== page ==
Al Jazeera Sues AT&T, But Can It Succeed in America Anyway?
AT&T (NYSE:T) is being sued by the Qatari royal family-owned network Al Jazeera after refusing to carry the channel in its U-Verse cable offerings, which violates a previous agreement with Al Jazeera’s U.S. unit, according to a court filing seen by Bloomberg.
AT&T said earlier this week that it wouldn’t carry the network due to a contract dispute. The domestic and international news channel is most famous for being the channel that aired Osama bin Laden’s video messages after September 11, 2001. After that, former President George W. Bush said the network was sympathetic to terrorists; Al Jazeera has further angered the U.S. government by broadcasting images of civilian casualties in a 2003 battle in Fallujah, Iraq, Bloomberg reports.
Now Al Jazeera is trying to change its image, bringing in CNN reporters Soledad O’Brien and Ali Velshi to boost appeal. The network has correspondents in countries where few Western journalists go, in addition to 700 staff members located in the U.S. Al Jazeera is set to replace Current TV, and has deals in place with Comcast Corp. (NASDAQ:CMCSA), DirecTV (NASDAQ:DTV), and Dish Network (NASDAQ:DISH), but the network was also dropped by Time Warner Cable (NYSE:TWC).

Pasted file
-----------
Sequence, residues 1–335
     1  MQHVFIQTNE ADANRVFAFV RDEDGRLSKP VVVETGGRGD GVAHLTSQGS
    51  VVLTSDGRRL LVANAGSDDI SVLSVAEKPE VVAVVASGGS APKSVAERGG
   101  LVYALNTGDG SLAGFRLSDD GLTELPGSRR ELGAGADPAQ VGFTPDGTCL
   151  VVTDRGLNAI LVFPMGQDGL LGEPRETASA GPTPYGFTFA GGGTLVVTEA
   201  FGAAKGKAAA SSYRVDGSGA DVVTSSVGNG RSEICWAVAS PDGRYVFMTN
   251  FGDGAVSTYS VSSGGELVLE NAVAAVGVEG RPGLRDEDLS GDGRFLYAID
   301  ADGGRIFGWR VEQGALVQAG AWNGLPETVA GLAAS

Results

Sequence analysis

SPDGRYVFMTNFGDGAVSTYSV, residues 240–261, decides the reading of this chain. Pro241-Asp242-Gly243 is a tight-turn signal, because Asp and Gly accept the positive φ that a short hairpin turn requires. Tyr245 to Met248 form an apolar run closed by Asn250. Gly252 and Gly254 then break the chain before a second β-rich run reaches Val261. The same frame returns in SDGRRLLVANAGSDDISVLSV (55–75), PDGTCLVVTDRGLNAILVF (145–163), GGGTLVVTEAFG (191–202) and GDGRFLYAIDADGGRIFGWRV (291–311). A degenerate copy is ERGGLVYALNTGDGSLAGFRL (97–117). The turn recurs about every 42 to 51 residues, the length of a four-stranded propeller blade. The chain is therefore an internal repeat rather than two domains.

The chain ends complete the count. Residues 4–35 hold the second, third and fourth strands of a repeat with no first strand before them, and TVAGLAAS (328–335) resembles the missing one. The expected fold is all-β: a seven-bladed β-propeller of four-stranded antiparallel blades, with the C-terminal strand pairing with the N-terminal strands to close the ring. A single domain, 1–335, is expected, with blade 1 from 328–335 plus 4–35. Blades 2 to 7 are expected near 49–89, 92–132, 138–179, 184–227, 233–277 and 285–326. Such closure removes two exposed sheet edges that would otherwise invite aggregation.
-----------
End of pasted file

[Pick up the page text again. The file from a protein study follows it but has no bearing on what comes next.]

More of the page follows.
“As a result of our inability to come to terms on a new agreement and due to certain breaches of the existing agreement we have decided not to carry Current TV on U-verse,” Brad Burns, an AT&T spokesman, said yesterday in an emailed statement to Bloomberg. Al Jazeera said in the court filing seen by the publication that AT&T’s decision is a “wrongful termination of an affiliation agreement.” The case is sealed for now, but filings must be made public in five days unless a judge decides otherwise.
The Washington Post reviewed the first few hours of Al Jazeera’s America programming, and said that the channel presented reliable news without the flash and overt bias present in other networks. But the paper also questioned if good reporting would be enough to get Americans to watch the channel, which is associated by many with an anti-American agenda.
The first couple of hours of promos and clips the network aired pointed out how unfair American news channels can be. “The central message was clear: Americans were being denied the news they deserve,” the Post said. Whether Americans can overcome the network’s name and history to embrace its high standards of reporting remains to be seen.
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